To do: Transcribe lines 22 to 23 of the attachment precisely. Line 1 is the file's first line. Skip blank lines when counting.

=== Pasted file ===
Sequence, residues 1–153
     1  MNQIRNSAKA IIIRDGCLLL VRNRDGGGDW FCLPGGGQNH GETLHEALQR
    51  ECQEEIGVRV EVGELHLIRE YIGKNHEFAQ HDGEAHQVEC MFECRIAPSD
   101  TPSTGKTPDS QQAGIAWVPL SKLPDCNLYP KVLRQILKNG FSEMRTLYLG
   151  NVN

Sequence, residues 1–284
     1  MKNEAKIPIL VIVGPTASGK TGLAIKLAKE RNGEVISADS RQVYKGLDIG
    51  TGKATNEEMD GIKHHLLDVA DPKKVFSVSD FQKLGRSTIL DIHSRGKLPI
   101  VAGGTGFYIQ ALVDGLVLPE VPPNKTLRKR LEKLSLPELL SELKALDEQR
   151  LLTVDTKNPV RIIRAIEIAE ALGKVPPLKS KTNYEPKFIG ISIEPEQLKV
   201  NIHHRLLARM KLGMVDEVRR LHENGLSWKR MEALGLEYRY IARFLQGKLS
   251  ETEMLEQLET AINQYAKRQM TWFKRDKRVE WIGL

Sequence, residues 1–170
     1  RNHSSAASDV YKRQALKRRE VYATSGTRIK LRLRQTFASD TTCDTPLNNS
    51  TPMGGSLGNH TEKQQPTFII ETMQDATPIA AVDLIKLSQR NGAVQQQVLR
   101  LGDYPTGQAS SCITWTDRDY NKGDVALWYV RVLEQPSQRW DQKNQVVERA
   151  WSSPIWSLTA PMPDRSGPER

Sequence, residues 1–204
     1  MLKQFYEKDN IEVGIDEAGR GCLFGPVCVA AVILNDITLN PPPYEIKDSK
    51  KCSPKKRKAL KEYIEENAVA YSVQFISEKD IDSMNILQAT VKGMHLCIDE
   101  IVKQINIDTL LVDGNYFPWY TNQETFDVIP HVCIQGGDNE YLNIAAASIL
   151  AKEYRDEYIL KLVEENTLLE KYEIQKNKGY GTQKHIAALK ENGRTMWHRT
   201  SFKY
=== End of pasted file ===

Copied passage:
   151  AKEYRDEYIL KLVEENTLLE KYEIQKNKGY GTQKHIAALK ENGRTMWHRT
   201  SFKY